Machado saw a throw below 93 mph all night. He went 0 for 4 against that barrage of fastballs. It was only the second time this year that Machado went 0 for 4 in which every outing resulted in a fastball.
“Tonight it worked out,” Cotham said. “But that’s our strength. It is our identity.
The Padres went 0 for 6 on first pitches, including five on heaters in the strike zone. Translation: Even when the San Diego hitters sat on first-pitch fastballs in the zone, they didn’t do any damage with them.
“They’ve got some good hitters and you don’t want to be behind in the count,” Cotham said. “So we will try our luck 0-0 rather than fall behind. And the way to do that is to attack the area. If we have to adapt, we adapt. But it’s our strength and we’ll stick with it until we have to adjust.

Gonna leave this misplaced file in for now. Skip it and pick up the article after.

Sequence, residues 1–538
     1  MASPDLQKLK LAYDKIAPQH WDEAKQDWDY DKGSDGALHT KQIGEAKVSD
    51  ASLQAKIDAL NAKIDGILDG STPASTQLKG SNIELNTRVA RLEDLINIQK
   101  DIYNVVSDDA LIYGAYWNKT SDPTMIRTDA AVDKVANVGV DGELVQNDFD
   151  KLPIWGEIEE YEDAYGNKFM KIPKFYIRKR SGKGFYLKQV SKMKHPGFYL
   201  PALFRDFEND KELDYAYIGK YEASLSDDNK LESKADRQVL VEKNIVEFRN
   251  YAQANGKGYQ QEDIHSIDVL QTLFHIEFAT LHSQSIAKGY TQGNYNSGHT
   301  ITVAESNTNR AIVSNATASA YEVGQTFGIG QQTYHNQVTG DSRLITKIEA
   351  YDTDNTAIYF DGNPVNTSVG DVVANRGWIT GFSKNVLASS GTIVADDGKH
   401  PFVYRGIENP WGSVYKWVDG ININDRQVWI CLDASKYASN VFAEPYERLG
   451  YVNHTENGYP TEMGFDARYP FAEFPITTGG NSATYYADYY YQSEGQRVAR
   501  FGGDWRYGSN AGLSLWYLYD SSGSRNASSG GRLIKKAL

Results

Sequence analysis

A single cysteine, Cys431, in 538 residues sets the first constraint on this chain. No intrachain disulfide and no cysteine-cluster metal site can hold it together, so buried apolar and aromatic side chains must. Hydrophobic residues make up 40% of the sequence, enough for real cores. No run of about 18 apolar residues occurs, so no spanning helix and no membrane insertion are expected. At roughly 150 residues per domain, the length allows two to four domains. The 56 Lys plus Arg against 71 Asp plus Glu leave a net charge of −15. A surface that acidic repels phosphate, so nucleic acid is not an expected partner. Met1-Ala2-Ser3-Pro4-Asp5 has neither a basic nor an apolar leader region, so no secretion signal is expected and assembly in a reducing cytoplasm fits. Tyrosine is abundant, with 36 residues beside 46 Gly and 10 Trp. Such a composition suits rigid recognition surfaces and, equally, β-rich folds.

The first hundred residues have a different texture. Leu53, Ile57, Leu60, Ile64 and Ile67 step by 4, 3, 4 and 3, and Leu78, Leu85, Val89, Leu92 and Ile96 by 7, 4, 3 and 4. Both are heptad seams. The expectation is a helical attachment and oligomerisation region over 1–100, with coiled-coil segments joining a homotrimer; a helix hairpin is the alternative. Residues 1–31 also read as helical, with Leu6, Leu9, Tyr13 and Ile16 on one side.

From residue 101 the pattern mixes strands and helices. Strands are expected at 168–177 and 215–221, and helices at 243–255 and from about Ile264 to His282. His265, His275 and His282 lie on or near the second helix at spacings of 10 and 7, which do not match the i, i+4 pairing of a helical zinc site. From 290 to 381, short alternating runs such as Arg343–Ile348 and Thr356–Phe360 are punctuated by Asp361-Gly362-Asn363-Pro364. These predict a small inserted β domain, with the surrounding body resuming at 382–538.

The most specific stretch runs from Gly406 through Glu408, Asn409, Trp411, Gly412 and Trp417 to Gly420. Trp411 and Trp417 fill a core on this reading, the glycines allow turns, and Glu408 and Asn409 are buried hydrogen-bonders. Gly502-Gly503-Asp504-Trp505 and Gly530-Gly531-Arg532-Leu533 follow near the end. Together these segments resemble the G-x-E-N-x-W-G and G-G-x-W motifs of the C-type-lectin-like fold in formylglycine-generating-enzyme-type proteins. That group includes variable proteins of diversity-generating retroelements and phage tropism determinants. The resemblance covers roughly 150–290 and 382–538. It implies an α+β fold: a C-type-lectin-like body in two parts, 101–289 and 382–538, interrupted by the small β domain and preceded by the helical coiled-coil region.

The Phillies are the swaggiest team still standing. They play with their chests and chins up and take on teams with the confidence of a bare-knuckle brawler. That’s what happens when you’re loaded with power pitchers, your offense is built on crushing home runs, and you spend 20 of the last 23 days on the road fighting for your life in the playoffs.
“There’s no doubt we’ve bonded even more as a group,” said Bryce Harper, who punched his fourth playoff home run, a modest hit compared to Kyle’s 488-foot rocket bat. Schwarber. “Belief. We believe in ourselves.
The Phillies finished the regular season with a 10-game trip to barely qualify as the sixth and final seed, won back-to-back games at St. Louis in the wild card series, won one of two in Atlanta, came home and closed that LDS with two wins and opened that NLCS with another road win, with Aaron Nola (zero earned runs in two playoff starts) receiving the ball Wednesday in the game 2. They are 6-1 this playoffs, including 4-1 on the road.